The American Federation of Teachers endorsed Hillary Clinton for president back in July of 2015, becoming one of the first big national groups to throw its support behind the eventual Democratic nominee.
And that early endorsement came back to haunt the union. A very vocal contingent of its membership wished the AFT had given Clinton’s main rival for the Democratic nomination, Sen. Bernie Sanders of Vermont, more consideration. They were angry and felt they had been left out of the process. The National Education Association, which also went in for Clinton early, heard similar complaints.
So this time around? AFT isn’t exactly jumping to throw its arms around one of the dozen or so candidates for the Democratic nomination.
Instead, the union has outlined an extensive endorsement process that will feature what the union calls “deep engagement and honest conversation before any decision can be made.” (This follows up on steps that the union took at its convention in Pittsburgh last year to address members’ concerns with the 2016 endorsement process.)
The process will feature a candidate questionnaire, member surveys, focus groups with members, as well as town halls, social media forums, and more. Thirty thousand members joined a recent national telephone town hall to discuss the process.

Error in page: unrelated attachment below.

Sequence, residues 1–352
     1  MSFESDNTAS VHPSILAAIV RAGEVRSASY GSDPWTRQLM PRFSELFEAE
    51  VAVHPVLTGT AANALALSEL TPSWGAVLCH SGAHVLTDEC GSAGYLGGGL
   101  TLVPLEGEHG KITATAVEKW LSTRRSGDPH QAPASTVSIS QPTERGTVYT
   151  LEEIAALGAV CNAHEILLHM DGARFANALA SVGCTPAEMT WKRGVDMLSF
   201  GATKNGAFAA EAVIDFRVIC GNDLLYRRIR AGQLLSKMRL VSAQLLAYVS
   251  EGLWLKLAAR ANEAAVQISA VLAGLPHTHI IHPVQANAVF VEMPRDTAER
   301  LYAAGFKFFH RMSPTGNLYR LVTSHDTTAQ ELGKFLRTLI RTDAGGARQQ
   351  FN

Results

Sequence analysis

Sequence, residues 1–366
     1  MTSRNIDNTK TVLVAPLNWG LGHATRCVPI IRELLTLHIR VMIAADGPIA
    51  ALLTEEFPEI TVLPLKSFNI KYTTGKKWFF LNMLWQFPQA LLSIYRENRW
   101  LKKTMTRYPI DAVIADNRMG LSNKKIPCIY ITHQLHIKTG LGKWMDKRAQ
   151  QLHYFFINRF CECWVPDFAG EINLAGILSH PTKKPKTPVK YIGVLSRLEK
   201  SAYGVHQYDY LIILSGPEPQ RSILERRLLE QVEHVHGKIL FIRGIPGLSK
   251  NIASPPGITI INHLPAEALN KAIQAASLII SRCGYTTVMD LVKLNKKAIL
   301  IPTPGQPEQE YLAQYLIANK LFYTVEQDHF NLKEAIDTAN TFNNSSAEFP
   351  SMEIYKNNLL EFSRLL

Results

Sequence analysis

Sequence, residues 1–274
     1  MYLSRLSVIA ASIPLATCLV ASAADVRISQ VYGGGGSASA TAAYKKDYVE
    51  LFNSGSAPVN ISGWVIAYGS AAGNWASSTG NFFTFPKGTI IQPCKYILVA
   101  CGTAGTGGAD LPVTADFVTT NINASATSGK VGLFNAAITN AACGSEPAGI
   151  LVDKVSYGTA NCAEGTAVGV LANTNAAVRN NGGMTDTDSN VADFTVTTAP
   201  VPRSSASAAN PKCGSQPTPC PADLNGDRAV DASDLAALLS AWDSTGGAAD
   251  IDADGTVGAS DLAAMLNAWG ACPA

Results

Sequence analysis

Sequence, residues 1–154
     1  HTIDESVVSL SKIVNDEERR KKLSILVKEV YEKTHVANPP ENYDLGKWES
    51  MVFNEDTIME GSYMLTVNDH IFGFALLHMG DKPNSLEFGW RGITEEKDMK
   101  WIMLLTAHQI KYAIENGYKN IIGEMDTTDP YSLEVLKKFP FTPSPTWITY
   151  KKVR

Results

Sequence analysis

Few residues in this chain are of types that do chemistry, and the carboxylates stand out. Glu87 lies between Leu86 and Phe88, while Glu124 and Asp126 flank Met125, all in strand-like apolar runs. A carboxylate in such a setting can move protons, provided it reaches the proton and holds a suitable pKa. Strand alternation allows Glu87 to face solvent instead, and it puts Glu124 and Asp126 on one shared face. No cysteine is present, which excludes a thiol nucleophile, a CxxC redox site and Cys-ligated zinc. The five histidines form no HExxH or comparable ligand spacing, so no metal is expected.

The union is also inviting candidates to spend a day with an AFT member, so that they get a sense of what educators face in their daily lives.
The members’ priorities at that Pittsburgh meeting included universal health care, free tuition at public colleges and universities, free child care, and more school funding for low-income school districts.
“Our No. 1 goal is to elect a president who reflects our values, and that means beating Donald Trump in 2020,” said Randi Weingarten, the AFT’s president. “But to win our endorsement, candidates will have to walk the walk, not just talk the talk. As we look ahead to Election Day, we are committed to engaging our members at every step of the way.”
It’s worth asking, though, whether AFT will end up being able to come to a consensus on a candidate. NEA opted not to choose between Clinton and then-Sen. Barack Obama in 2008—and then watched for eight years as Obama pushed policy after policy that the unions didn’t like, including tying teacher evaluations partly to student test scores and getting rid of staff at low-performing schools.
Photo: Cliff Owen for the Associated Press
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